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Inaugural Lecture Aims to Help Diversify the Economics Field

Women and minorities continue to be underrepresented in the economics field—from students to faculty, from employees to managers. Just 24% of tenured and tenure-track faculty in economics in the U.S. were women in 2016, while only about 6% of that population identified as black or Hispanic, according to a paper in the Journal of Economic Perspectives.  

At Fordham, about one-third of both undergraduate economics majors and economics faculty are women, while the graduate economics population is made up of about 50% women, according to Sophie Mitra, Ph.D., professor of economics at Fordham and co-director of the disabilities studies minor.

Despite the fact that the University is slightly above the national average in both of those areas, the economics department launched a “climate committee” in 2018 to examine these issues related to underrepresentation and develop resources to “enhance diversity and inclusion in economics at Fordham,” Mitra said.

One of their first initiatives is the “Inaugural Distinguished Lecture in Economics,” featuring Janet Currie, Ph.D., the Henry Putnam Professor of Economics and Public Affairs at Princeton University and co-director of Princeton’s center for health and wellbeing. The event will take place on Thursday, Dec. 5 from 6 p.m. to 8 p.m. at the McNally Amphitheater at the Gabelli School of Business. The talk will be followed by a question-and-answer session and a reception.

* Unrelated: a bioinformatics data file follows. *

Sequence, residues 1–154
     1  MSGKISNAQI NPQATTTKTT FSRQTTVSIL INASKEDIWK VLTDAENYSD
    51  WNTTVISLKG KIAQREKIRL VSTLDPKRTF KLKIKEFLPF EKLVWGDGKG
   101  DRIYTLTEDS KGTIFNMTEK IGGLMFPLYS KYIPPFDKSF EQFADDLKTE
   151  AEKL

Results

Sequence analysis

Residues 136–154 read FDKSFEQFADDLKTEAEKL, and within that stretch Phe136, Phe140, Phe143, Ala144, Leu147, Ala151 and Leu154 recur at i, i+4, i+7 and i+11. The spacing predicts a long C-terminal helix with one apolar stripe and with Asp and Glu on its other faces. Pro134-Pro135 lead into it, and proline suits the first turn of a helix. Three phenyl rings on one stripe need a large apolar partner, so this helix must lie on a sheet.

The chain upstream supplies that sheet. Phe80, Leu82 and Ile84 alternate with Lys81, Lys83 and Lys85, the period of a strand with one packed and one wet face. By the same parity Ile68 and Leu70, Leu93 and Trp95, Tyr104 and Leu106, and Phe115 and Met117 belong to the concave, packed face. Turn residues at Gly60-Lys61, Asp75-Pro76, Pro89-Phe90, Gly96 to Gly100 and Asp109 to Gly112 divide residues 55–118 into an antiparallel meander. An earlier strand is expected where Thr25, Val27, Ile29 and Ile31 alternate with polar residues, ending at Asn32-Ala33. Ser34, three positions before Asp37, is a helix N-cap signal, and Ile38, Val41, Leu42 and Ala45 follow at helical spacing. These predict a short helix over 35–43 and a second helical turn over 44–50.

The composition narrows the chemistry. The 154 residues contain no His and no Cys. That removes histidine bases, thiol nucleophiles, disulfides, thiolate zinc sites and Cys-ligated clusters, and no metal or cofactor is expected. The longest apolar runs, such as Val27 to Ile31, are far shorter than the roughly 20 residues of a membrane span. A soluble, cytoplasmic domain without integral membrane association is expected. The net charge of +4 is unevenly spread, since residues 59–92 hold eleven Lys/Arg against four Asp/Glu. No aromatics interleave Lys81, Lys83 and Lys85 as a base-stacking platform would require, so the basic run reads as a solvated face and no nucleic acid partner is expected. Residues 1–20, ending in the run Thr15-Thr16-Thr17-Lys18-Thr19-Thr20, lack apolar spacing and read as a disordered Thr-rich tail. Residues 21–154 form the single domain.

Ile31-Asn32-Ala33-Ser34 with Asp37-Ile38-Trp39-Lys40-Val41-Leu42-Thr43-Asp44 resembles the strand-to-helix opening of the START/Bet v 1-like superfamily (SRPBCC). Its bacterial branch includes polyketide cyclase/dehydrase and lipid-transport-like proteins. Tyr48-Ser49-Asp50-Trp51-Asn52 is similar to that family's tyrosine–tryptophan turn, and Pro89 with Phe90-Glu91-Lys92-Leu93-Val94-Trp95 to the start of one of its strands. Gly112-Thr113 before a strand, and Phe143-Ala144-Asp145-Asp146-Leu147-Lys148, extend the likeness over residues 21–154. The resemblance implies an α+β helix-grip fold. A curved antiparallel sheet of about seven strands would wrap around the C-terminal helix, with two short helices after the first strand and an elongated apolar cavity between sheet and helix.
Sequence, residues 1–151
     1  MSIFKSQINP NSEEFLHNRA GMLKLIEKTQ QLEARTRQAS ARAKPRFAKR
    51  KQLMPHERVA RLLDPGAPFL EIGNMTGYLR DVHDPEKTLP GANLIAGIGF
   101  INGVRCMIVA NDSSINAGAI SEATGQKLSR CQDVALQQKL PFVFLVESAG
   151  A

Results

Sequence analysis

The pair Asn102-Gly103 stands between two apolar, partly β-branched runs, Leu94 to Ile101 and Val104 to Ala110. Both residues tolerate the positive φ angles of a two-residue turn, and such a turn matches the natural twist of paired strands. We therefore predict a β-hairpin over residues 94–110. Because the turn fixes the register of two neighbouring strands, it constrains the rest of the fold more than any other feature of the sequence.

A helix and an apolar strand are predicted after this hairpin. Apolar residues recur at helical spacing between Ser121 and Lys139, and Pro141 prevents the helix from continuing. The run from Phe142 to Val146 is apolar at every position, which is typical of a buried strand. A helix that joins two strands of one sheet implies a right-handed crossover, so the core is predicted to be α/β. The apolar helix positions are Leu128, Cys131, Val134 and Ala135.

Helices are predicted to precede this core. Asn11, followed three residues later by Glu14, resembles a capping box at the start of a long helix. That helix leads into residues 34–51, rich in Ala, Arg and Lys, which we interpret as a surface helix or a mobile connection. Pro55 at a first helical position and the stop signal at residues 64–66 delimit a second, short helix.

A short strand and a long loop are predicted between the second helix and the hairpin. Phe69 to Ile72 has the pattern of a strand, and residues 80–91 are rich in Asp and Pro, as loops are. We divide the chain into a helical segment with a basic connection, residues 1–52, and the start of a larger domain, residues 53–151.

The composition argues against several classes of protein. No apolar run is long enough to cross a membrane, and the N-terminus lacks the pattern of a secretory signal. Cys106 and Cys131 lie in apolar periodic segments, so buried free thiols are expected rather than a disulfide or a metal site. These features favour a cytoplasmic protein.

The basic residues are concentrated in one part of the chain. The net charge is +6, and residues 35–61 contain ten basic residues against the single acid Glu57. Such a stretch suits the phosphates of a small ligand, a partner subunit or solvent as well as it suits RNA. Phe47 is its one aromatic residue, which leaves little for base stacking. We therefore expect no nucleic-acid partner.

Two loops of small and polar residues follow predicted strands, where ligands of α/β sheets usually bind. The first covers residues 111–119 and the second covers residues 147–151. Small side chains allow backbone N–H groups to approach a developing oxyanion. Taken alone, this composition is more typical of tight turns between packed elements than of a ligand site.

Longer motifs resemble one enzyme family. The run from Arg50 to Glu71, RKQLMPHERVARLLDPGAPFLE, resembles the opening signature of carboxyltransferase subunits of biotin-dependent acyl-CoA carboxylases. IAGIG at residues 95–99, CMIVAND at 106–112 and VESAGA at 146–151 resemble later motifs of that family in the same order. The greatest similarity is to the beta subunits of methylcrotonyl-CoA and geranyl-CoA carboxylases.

The event was sponsored by the economics department, the Office of the Chief Diversity Officer, the faculty of arts and sciences deans, the Economics Society, and the faculty working group on disability. Funding was provided through the economics department, Chief Diversity Officer, and the faculty of arts and sciences deans.

Mitra said they wanted to bring in Currie because her research “goes beyond this narrow and misleading understanding of what economics is about.”

“Currie is a scholar whose work spans labor, public, and health economics,” she said. “She has made fundamental contributions in many areas and is best known for her work on public policy issues affecting child health and well-being. Through this lecture, we would like students to get a taste of the breadth of her illuminating research.”

That’s also why the focus of the lecture, “Child Health and Human Capital,” does not fit with what is often perceived as an economics topic.”

“There is the commonly held notion out there that economics is about money, business, or material resources,” she said. “Economics is a social science that provides ways to understand human behaviors and can pay attention to ethics. It can help contribute to solving a variety of issues, such as improving child health by considering the sorts of economic arrangements and public policies that serve to improve child health.”

Mitra said that the goal is to make this the first in a series of lectures that will feature a “diverse set of scholars that undergraduate students may not hear about” and “scholars that use a variety of approaches and paradigms.”

In addition to offering events, Mitra said that the climate committee is also working to attract potential students who might not have thought about majoring in economics.

“One focus of this committee is to develop initiatives and resources that may help more diverse candidates study economics or at least consider studying economics at the undergraduate level,” she said. “We are considering new course offerings to that end as well as events.”

While the event is open to the entire Fordham community, the program is specifically geared towards undergraduate students who are just starting out in economics.

“Our main purpose is to expose students to a topic and a scholar that they might not typically study in the introductory courses in economics,” Mitra said.

To RSVP, please visit To learn more about the event, visit


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